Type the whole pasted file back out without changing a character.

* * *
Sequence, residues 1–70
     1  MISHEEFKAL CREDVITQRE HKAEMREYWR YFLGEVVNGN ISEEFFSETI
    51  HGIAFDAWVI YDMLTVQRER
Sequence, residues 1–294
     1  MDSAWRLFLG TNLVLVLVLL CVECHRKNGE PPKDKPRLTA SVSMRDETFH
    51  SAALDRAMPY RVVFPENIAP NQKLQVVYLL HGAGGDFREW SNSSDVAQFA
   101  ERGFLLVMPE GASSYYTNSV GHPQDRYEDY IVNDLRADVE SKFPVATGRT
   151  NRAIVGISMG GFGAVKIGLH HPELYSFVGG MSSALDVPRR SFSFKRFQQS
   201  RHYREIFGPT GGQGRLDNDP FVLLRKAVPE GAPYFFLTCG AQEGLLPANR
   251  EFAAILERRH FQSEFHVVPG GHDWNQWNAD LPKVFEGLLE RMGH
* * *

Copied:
Sequence, residues 1–70
     1  MISHEEFKAL CREDVITQRE HKAEMREYWR YFLGEVVNGN ISEEFFSETI
    51  HGIAFDAWVI YDMLTVQRER
Sequence, residues 1–294
     1  MDSAWRLFLG TNLVLVLVLL CVECHRKNGE PPKDKPRLTA SVSMRDETFH
    51  SAALDRAMPY RVVFPENIAP NQKLQVVYLL HGAGGDFREW SNSSDVAQFA
   101  ERGFLLVMPE GASSYYTNSV GHPQDRYEDY IVNDLRADVE SKFPVATGRT
   151  NRAIVGISMG GFGAVKIGLH HPELYSFVGG MSSALDVPRR SFSFKRFQQS
   201  RHYREIFGPT GGQGRLDNDP FVLLRKAVPE GAPYFFLTCG AQEGLLPANR
   251  EFAAILERRH FQSEFHVVPG GHDWNQWNAD LPKVFEGLLE RMGH